Colin Hanks, son of Tom, directs All Things Must Pass: The Rise and Fall of Tower Records, a documentary about the death of not only Tower Records, but the institution of the record store.
Yes, there was a day when we would collect music on physical, tangible things we could hold in our hands and display in our house. Tower Records was a social place where you could go and learn musical knowledge from its employees, expand your musical horizons, and even pick up some hard-to-find movies on DVD.
Russ Solomon started it all in Sacramento, and his idea eventually went worldwide. Through interviews with Solomon and his cohorts, Hanks tells the story of how a good thing seemed to get a little ahead of itself, resulting in a collapse in the United States. (Tower does remain as an online store, and there are still some physical locations overseas.)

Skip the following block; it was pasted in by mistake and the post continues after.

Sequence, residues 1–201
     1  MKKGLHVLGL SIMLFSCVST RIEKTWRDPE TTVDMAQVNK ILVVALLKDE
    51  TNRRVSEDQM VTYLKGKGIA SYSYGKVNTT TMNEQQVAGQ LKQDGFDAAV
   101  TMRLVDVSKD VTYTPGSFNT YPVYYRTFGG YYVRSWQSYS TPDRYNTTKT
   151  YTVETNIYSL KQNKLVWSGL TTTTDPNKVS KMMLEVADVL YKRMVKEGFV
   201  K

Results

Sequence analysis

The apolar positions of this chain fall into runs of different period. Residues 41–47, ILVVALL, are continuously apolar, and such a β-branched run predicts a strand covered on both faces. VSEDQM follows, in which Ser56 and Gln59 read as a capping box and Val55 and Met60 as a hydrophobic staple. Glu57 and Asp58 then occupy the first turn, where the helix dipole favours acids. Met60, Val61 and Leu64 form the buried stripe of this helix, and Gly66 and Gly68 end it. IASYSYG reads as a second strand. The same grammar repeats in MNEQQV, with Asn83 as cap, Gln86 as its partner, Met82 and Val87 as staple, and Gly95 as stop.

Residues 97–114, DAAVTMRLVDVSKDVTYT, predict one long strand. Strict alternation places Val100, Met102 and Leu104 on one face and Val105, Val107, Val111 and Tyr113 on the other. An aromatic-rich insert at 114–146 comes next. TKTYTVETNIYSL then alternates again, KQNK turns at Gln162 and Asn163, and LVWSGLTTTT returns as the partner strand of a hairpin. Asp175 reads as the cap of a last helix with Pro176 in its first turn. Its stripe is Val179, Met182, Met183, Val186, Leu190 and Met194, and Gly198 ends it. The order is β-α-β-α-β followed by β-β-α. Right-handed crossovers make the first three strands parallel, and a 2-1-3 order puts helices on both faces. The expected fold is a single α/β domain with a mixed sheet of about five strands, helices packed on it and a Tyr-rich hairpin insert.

Hanks does a nice job of capturing the bygone era of the record store, and its now-largely forgotten value to the American consumer. Music used to be contained within the world of vinyl, cassette and CD. When you were listening to the music on one of these physical objects, you might’ve been able to skip a track, but move from not artist to artist, like one can do now on streaming sites. Music-listening was a more concentrated experience.
Music-shopping was a major part of American culture, and that culture is very much dead at the moment. Perhaps somebody will find a way to revive music stores as a regular occurrence, but I am not holding my breath. People love their MP3 download thingamajigs.
Special Features: There are deleted scenes and unused interview footage.